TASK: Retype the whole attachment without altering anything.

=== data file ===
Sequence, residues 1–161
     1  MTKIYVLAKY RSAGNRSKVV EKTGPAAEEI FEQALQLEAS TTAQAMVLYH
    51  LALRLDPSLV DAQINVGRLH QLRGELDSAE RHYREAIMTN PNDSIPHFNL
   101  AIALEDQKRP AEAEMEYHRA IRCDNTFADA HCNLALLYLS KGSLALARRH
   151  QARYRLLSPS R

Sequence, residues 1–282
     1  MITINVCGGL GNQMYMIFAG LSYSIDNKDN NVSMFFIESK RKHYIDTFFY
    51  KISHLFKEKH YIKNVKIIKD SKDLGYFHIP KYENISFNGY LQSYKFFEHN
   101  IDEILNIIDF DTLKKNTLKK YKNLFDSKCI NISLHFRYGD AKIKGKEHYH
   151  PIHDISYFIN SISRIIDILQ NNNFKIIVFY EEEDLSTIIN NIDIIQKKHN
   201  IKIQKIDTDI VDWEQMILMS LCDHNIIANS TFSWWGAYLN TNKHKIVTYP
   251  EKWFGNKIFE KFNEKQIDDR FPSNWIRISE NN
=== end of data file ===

Sequence, residues 1–161
     1  MTKIYVLAKY RSAGNRSKVV EKTGPAAEEI FEQALQLEAS TTAQAMVLYH
    51  LALRLDPSLV DAQINVGRLH QLRGELDSAE RHYREAIMTN PNDSIPHFNL
   101  AIALEDQKRP AEAEMEYHRA IRCDNTFADA HCNLALLYLS KGSLALARRH
   151  QARYRLLSPS R

Sequence, residues 1–282
     1  MITINVCGGL GNQMYMIFAG LSYSIDNKDN NVSMFFIESK RKHYIDTFFY
    51  KISHLFKEKH YIKNVKIIKD SKDLGYFHIP KYENISFNGY LQSYKFFEHN
   101  IDEILNIIDF DTLKKNTLKK YKNLFDSKCI NISLHFRYGD AKIKGKEHYH
   151  PIHDISYFIN SISRIIDILQ NNNFKIIVFY EEEDLSTIIN NIDIIQKKHN
   201  IKIQKIDTDI VDWEQMILMS LCDHNIIANS TFSWWGAYLN TNKHKIVTYP
   251  EKWFGNKIFE KFNEKQIDDR FPSNWIRISE NN